Electroconvulsive therapy without seizures?
Electroconvulsive therapy (ECT), sometimes called “electroshock therapy” is considered the most effective short-term treatment available for major depression. The procedure involves passing electrical current through the brain with electrodes placed on the scalp and is done in a series of treatments over the course of weeks. It is used primarily to treat the estimated 2-3% of the US population with depression that is resistant to medication and other therapies.
Since its first use in the 1930’s, ECT was thought to be therapeutic because of the seizures it induced. Seizures, and the high dose of current needed to induce them, are also responsible for the major cognitive side effects attributed to ECT— temporary confusion and memory problems. In addition, medication is required to minimize the convulsions that accompany a seizure. Concern over these side effects is the most common reason why patients refuse the treatment, despite the fact that untreated depression can cause significant suffering, disability, suicide, and death due to self-neglect.
The electrical current needed to induce a seizure is subject to individual variability. If a person’s seizure threshold is especially high, the procedure may not be successful in inducing a seizure. After observing that some patients got better despite not having had a seizure during the procedure, the lead investigator conducted this study to determine whether ECT without a seizure (non-convulsive electrotherapy, or NET) would be as effective at treating depression as ECT with a seizure (traditional ECT). That is, can ECT with a lower amount of electrical current be just as effective in treating depression as a high, seizure-inducing amount of electrical current, without the distressing side effects that often lead people to reject traditional ECT?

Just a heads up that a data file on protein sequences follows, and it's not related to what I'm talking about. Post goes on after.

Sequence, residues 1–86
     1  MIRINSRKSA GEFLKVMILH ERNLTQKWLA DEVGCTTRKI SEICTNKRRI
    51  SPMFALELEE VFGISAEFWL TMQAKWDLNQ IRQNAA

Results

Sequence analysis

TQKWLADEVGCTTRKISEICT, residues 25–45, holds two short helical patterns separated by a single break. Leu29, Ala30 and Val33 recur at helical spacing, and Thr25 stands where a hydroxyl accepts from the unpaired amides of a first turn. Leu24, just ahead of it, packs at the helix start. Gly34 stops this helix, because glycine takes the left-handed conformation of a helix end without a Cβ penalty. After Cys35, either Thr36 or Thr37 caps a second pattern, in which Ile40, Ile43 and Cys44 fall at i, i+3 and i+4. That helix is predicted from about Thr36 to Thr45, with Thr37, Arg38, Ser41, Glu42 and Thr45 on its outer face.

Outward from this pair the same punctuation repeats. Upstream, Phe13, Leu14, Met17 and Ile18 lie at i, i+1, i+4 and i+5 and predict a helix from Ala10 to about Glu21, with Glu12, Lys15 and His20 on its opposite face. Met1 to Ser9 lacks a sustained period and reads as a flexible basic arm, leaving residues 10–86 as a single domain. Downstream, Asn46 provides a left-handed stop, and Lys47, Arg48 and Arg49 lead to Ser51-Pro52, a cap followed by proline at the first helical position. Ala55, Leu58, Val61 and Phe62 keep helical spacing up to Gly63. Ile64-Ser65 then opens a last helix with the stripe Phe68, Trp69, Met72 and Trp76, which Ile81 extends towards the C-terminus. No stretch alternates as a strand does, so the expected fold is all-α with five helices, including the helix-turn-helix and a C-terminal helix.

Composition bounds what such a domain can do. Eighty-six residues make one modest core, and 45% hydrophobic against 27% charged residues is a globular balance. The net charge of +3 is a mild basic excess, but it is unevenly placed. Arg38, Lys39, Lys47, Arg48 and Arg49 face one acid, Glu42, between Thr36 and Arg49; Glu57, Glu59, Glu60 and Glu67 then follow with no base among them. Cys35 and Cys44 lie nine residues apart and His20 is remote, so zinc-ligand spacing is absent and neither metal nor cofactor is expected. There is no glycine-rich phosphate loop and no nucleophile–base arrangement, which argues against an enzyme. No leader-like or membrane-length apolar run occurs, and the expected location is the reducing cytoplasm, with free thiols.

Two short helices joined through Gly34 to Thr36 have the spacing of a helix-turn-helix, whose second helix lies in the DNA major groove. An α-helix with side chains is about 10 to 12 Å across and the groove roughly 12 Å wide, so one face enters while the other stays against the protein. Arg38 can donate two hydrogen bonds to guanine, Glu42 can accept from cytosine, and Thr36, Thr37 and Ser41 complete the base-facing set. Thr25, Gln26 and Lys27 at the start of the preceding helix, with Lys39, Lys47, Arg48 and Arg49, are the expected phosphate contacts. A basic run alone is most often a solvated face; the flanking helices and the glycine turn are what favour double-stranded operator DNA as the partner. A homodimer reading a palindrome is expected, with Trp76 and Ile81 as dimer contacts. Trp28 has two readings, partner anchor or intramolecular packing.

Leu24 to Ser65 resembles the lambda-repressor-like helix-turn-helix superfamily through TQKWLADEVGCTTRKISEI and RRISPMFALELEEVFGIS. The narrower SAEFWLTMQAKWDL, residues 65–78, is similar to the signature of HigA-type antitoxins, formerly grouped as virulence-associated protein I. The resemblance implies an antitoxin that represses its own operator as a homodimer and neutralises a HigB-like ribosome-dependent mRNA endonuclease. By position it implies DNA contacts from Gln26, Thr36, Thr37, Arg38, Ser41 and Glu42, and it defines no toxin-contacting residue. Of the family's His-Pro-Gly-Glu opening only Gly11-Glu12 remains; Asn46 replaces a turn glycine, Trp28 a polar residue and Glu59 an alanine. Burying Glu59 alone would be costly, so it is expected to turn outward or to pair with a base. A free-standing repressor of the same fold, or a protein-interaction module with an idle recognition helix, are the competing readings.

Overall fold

Thirteen outpatients with so-called treatment-resistant depression (TRD) who had declined traditional ECT participated in this study at the University of Maryland Medical Center. All participants had standard ECT procedures except for the lower electrical current administered. Depression and cognition were measured using standard rating scales. Two subjects had seizures on their first treatments despite the lower dose of current. Of the 11 subjects who had the treatment and experienced no seizures, the antidepressant effect on average was similar to traditional ECT (Fig. 1) without the adverse cognitive effects usually seen with traditional ECT.
In conclusion, the therapeutic effect of NET on treatment resistant depression was similar to that of traditional ECT. The usual problems of confusion and memory loss seen with traditional ECT were not observed. These results challenge the longstanding belief that a seizure is necessary for the antidepressant effect of ECT, and merit further investigation to determine whether NET is a viable alternative to ECT. If similarly effective, NET could be a more widely acceptable treatment for eligible individuals with depression for whom ECT is recommended, but who fear the confusion and memory loss that often accompany traditional ECT.
Wiliam T. Regenold, MDCM
Department of Psychiatry, University of Maryland School of Medicine, Baltimore, Maryland, USA
Nonconvulsive Electrotherapy for Treatment Resistant Unipolar and Bipolar Major Depressive Disorder: A Proof-of-concept Trial.
Regenold WT, Noorani RJ, Piez D, Patel P
Brain Stimul. 2015 Sep-Oct